(WJBF) – A warning has been issued by the FBI Columbia field office ahead of Valentine’s Day.
The warning is about potential scams that will happen around the holiday.
Scammers exploit individuals online who may be looking for companionship, or romance.
According to recent data reported in the 2021 Internet Crime Complaint Center annual report, South Carolinians lost $6.8 million dollars to confidence fraud and romance scams that year.
The 2022 data has yet to be released but the stats are expected to increase due to the latest trends.
“Cyber criminals use any information they can find about you to gain your trust, build a relationship, and ultimately steal your money or personal identifiable information (PII),” said Susan Ferensic, Special Agent in Charge of the FBI Columbia Division. “We want the public to be well informed about how these scams occur and how they can better protect themselves.”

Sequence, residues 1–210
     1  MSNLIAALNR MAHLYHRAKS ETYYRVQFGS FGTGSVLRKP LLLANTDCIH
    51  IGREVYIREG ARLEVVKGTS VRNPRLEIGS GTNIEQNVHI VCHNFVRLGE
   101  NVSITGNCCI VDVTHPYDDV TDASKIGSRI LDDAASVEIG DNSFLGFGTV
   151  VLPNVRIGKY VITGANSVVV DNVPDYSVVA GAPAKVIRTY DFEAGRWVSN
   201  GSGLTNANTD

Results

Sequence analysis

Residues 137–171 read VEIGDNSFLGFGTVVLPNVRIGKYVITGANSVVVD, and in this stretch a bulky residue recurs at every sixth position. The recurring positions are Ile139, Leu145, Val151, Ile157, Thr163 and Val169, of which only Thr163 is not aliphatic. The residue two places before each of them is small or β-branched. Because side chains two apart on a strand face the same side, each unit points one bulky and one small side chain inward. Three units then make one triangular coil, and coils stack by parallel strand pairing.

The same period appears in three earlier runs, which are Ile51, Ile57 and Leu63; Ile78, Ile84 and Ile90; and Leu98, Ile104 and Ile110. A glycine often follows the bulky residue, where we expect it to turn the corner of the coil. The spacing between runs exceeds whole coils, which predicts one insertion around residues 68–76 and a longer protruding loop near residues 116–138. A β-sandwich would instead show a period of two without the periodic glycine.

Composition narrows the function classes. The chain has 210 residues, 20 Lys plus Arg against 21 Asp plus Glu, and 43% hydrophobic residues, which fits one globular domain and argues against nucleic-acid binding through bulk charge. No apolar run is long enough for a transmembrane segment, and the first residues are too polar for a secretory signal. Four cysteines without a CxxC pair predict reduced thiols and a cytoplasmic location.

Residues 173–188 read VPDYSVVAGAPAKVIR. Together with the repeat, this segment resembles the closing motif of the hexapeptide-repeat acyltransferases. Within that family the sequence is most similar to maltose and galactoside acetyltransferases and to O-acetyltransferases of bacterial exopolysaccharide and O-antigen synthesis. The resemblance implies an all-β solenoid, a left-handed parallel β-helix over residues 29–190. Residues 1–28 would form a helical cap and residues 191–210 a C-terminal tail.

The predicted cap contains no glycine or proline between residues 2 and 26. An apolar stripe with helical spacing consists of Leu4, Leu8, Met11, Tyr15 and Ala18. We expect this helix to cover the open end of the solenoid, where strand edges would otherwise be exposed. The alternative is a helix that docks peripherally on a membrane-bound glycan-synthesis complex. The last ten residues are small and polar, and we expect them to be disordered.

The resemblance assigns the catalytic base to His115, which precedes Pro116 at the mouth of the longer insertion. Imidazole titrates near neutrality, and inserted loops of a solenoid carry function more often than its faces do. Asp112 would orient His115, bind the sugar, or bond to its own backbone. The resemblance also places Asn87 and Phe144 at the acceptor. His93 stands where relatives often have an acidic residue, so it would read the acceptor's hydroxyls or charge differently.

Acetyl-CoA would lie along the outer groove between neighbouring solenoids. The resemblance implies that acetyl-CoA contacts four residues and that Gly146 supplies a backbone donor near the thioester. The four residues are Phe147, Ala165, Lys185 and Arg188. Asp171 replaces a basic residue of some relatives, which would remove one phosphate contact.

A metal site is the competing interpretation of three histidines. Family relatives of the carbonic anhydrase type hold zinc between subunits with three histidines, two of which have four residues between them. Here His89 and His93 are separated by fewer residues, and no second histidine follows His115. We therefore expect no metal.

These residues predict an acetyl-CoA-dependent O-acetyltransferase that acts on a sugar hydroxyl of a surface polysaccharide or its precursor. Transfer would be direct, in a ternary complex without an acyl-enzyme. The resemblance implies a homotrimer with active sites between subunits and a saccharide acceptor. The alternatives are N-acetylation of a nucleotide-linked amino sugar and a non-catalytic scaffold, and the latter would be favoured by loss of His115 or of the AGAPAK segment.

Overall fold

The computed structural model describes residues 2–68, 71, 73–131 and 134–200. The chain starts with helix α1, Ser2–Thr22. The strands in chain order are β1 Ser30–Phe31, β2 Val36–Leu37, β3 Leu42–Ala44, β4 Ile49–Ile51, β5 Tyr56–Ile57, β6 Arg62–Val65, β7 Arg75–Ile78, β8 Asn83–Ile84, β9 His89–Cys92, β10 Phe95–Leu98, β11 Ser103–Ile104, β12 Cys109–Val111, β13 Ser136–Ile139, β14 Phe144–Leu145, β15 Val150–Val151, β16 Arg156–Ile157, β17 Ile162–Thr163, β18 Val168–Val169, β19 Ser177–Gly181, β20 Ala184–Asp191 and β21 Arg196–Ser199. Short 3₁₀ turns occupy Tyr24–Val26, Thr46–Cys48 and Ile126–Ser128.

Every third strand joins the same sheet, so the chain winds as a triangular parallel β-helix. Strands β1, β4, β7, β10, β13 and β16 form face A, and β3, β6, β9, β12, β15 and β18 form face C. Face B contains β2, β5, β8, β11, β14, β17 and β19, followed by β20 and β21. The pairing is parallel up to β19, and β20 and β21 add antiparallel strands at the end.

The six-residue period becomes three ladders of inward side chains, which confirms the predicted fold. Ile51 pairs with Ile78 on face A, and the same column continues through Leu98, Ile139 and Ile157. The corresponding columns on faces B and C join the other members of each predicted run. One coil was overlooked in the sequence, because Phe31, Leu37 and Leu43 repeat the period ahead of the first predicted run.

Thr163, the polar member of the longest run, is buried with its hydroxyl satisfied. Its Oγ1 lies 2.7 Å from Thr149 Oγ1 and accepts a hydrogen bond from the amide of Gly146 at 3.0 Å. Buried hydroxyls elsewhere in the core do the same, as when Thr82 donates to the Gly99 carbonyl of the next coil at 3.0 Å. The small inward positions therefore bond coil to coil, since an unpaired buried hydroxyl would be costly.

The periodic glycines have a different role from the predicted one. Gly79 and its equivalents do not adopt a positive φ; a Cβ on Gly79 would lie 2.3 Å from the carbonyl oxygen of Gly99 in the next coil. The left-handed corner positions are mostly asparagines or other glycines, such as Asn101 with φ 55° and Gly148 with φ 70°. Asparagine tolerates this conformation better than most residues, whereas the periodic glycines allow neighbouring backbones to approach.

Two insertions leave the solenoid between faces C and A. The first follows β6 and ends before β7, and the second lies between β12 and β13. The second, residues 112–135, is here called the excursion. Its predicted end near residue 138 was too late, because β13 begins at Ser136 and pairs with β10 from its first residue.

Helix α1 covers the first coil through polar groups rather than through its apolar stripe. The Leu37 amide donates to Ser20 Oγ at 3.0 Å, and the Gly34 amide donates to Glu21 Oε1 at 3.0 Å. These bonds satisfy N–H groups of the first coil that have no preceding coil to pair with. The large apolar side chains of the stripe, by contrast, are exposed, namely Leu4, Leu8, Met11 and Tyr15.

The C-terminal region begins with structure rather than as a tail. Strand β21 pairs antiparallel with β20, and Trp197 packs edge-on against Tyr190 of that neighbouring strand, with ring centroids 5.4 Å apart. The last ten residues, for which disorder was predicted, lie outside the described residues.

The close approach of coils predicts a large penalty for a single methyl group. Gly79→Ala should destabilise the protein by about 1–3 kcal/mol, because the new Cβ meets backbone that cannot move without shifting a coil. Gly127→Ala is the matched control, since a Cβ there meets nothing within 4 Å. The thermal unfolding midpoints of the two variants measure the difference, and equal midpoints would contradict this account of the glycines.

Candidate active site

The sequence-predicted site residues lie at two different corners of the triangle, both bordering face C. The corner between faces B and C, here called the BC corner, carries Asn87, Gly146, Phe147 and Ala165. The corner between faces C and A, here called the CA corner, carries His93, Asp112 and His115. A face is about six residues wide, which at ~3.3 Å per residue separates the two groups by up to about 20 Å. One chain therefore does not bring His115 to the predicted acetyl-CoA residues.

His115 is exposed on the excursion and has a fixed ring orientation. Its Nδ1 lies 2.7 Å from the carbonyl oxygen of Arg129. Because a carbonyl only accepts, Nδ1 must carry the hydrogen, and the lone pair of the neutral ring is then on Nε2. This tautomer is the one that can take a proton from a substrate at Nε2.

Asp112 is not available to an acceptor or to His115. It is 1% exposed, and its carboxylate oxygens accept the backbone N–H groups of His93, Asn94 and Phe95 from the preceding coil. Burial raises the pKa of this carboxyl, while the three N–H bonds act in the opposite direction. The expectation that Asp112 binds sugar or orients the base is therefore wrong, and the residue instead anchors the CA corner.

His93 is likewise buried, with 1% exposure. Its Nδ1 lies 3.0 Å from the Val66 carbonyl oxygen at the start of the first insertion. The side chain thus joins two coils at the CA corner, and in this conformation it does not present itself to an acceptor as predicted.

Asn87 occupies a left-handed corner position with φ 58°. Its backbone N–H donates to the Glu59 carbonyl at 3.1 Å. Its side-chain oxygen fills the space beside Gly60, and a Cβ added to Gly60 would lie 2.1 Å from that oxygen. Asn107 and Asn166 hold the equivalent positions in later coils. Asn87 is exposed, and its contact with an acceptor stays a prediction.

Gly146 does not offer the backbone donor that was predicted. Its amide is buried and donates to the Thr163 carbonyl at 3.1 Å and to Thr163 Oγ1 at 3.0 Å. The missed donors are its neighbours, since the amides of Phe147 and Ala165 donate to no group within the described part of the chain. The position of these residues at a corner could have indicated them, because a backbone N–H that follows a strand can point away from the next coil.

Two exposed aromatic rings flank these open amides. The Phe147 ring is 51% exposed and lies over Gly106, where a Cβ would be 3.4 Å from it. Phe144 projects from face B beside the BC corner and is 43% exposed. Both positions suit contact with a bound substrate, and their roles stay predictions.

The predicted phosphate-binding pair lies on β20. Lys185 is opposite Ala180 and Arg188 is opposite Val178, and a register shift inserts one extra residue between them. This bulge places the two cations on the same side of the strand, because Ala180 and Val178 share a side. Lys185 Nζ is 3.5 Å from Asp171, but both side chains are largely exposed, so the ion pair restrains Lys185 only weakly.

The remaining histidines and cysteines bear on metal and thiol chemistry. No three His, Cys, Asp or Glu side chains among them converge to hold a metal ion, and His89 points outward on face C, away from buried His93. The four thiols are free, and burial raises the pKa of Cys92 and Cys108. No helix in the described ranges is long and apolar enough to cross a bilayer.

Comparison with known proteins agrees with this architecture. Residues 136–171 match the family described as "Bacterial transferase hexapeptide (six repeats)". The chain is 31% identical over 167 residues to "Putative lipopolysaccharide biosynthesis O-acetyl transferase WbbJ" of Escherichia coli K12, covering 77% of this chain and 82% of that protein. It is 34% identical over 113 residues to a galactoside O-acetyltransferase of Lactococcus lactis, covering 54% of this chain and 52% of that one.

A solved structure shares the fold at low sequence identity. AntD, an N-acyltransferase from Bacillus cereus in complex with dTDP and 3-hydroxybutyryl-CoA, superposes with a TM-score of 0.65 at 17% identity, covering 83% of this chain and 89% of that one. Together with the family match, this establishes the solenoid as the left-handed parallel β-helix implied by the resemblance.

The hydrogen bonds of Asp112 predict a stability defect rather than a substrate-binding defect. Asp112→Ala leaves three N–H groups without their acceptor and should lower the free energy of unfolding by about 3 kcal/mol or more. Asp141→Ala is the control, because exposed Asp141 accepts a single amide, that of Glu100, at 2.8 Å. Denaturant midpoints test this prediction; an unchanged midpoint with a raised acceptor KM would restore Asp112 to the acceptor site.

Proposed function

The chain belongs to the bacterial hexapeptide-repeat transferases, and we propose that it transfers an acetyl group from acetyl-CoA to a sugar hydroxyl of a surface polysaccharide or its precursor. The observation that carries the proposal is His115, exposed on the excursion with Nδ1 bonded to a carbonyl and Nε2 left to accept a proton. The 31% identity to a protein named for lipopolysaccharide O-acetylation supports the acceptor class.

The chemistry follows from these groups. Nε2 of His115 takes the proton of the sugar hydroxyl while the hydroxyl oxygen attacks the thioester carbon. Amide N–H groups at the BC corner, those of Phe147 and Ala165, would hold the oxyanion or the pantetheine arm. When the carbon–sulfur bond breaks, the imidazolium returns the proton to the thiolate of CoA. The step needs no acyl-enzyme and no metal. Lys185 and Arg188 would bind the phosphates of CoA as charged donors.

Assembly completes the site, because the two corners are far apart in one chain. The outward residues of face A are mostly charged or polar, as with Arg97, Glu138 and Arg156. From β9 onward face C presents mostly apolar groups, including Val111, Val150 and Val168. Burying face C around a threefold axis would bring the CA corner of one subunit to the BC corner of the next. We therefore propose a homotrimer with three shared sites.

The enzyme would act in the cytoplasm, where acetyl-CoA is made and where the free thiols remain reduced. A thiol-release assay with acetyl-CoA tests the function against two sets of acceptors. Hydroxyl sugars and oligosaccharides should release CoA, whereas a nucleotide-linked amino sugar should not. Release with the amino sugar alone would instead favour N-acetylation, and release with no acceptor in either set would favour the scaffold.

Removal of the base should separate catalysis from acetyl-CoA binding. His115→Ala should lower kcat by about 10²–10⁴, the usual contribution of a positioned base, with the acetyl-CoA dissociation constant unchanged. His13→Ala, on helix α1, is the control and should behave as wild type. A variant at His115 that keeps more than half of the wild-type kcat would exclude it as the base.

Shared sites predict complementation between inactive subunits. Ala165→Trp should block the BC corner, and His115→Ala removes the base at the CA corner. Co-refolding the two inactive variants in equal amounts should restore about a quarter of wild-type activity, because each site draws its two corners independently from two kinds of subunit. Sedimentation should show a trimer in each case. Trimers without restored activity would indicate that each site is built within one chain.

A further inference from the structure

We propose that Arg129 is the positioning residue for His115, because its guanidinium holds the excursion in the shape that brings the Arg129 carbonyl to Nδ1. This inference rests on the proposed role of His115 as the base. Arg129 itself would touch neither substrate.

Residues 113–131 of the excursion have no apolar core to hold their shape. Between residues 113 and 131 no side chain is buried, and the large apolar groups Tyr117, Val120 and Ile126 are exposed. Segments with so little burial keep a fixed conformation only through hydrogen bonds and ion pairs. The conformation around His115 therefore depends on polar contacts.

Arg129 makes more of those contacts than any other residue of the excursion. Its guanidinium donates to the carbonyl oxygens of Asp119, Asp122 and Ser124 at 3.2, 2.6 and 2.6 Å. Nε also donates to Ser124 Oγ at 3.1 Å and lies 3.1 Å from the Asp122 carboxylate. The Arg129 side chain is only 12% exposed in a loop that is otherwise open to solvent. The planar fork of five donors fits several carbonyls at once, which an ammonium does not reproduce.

A list of red flags was provided as well as tips to protect yourself.
Common Romance Scam Red Flags:
- The scammer makes promises to meet in person but gives excuses as to why they can’t.
- The scammer will ask for money once they gain your trust. Typically, they explain they have an owed debt, need financial assistance, or they ask for travel funds.
- The scammer will request money through methods that make it hard to be traced and hard to get back.
- The scammer may ask to leave a dating service or social media site to communicate directly.
How to Protect Yourself:
- Be careful what you post and make public online.
- If you suspect a scam, stop communicating with the person immediately.
- Conduct a reverse image search of the person’s photo(s). If it is associated with another name or profile, it is likely a scam.
- Take things slow and ask a lot of questions.
- Never send money to someone you have only communicated with online or by phone.
If you suspect that you’ve been involved in a romance scam, report the incident to the FBI’s Internet Crime Complaint Center.